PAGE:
Working with IP transports requires the production to carefully manage firewalls and potential IP address conflicts.
For the past year Riot Games, one of eSports’ major game developers and tournament organizers, has been using a remote production workflow for its many events worldwide. Part of that “At Home” workflow includes Calrec Audio’s RP1 remote broadcast mixing system controlled by a Calrec Artemis mixing console.
Staff at Riot Games said the transition to a remote production infrastructure has been accelerated by the recent introduction of various solutions, such as Calrec’s RP1 system.
“Our workflow is unique to each game,” said Matthew Donovan, broadcast engineering manager at Riot’s West L.A. production facility. “You have to know the game, the capabilities and the limitations, and be embedded with the developers to be able to visually represent that game in an engaging way for its fans. The technical obstacles you need to overcome will be different given different circumstances. The critical part is having a team embedded with the individuality of the games and experiences they’re trying to recreate and working with those challenges to create a good technical solution. But, there’s always a way to improve. There’s always a change that’s going to deliver more value.”
“Things that were more challenging are now a lot easier to accomplish,” Donovan said, referring to Calrec’s RP1 remote production unit and Calrec Artemis mixing console. “This at-home production workflow supports Riot’s simple philosophy: ‘We try to keep as many people home as possible so they can sleep in their beds.’”
Calrec’s REMI audio products—such as the RP1 remote production unit—allows latency-free IFBs to be generated at the remote site.
Some of the functions of the live productions are still handled locally at the venues. This includes redundant IFB mixes for the talent and competitors, who are on Dante-enabled wired packs from Studio Technologies, which also feed to the on-site console for fail-safe production. Calrec’s REMI audio products—such as the RP1 remote production unit—allows very-low-latency IFBs to be generated at the remote site. These are subsequently controlled by a Calrec Artemis mixing console at the L.A. facility, which uses an in-house Riedel Communications system for VoIP communications with the remote locations.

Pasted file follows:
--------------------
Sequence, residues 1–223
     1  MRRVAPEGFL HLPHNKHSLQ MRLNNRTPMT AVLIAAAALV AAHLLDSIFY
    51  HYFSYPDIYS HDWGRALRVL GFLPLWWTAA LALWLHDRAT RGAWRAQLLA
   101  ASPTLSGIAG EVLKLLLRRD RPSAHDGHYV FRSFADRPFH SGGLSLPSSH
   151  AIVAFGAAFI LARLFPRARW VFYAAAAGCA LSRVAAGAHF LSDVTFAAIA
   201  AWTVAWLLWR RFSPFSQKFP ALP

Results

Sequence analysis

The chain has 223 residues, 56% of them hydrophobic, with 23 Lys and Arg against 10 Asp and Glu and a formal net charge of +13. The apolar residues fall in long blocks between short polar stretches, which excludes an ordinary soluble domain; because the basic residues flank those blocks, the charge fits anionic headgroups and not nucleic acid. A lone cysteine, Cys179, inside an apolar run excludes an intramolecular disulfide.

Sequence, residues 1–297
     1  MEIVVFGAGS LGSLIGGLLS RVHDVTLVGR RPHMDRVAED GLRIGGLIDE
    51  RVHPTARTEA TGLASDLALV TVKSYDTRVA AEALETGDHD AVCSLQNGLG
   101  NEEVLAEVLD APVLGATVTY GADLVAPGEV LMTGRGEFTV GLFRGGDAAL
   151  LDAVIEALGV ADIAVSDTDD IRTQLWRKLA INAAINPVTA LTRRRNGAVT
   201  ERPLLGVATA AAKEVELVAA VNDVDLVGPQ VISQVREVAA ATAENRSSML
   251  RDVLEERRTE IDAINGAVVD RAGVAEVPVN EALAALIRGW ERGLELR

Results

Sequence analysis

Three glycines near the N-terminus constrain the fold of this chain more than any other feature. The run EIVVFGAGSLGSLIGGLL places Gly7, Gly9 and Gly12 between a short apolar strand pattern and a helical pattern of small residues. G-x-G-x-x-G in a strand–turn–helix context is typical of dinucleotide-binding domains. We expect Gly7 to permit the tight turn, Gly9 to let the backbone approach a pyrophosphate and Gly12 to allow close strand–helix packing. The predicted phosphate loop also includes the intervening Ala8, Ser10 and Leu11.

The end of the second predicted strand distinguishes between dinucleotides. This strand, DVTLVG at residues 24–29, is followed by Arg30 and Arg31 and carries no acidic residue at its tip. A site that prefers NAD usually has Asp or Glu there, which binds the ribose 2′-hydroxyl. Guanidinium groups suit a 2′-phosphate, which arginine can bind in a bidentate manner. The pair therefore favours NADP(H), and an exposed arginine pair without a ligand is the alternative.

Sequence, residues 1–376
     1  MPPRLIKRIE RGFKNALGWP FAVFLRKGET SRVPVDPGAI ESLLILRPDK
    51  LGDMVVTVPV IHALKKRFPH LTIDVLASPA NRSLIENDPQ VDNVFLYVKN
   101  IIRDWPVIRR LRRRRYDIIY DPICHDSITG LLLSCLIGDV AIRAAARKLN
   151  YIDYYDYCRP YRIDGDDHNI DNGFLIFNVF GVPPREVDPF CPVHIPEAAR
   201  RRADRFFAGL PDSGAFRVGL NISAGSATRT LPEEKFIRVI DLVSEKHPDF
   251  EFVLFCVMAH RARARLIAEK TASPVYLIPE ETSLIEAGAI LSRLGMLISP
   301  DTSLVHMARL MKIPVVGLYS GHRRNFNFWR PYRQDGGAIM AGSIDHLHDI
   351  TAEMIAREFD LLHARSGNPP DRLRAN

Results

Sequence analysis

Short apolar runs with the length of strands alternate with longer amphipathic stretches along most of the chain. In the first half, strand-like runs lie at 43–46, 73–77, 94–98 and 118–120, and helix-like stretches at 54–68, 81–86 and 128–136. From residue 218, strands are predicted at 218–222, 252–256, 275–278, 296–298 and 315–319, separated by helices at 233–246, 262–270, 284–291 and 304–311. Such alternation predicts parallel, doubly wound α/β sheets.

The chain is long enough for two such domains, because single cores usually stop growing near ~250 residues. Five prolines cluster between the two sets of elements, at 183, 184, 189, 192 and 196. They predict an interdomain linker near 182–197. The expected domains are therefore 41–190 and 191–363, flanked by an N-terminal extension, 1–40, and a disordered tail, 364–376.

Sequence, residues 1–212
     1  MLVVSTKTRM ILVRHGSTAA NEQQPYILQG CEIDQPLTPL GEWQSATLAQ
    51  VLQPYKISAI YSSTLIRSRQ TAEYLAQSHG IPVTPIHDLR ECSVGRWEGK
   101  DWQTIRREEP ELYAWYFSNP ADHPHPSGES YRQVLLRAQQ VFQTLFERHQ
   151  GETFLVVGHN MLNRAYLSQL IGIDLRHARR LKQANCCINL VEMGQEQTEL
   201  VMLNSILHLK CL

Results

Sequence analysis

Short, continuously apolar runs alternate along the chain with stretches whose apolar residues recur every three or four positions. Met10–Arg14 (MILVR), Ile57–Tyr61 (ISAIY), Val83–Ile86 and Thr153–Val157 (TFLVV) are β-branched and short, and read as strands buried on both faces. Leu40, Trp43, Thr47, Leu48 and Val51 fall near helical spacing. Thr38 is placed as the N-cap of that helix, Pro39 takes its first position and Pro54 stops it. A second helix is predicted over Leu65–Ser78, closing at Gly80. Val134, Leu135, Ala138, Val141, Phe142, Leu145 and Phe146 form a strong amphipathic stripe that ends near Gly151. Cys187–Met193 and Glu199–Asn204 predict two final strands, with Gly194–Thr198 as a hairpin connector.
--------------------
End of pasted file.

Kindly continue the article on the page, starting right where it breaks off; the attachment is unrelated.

Riot staff said that working with IP transports requires the production to carefully manage firewalls and potential IP address conflicts. When two back-to-back shows are leapfrogging, relevant production components must be on a separate address for each show. In some cases, Riot uses a 10.22 network, the class A block of IP space reserved for private networks and assign each path to different addresses, enabling the audio engineers to manage switchovers. As part of its development of this at-home production infrastructure, Riot also adopted a Haivision transport system that significantly reduces bandwidth requirements.
Riot Games is headquartered on a 20-acre campus in West Los Angeles, where one of its buildings houses a fully equipped broadcast facility and maintains 23 other offices worldwide. Production of European competition broadcasts have transitioned to its Berlin-based LoL European Championship (LEC) studio, which features a Calrec Artemis console in the broadcast audio production room. A Calrec Brio in Berlin additionally acts as a monitor console for players, with a CEDAR system eliminating distracting crowd noise from their headsets.
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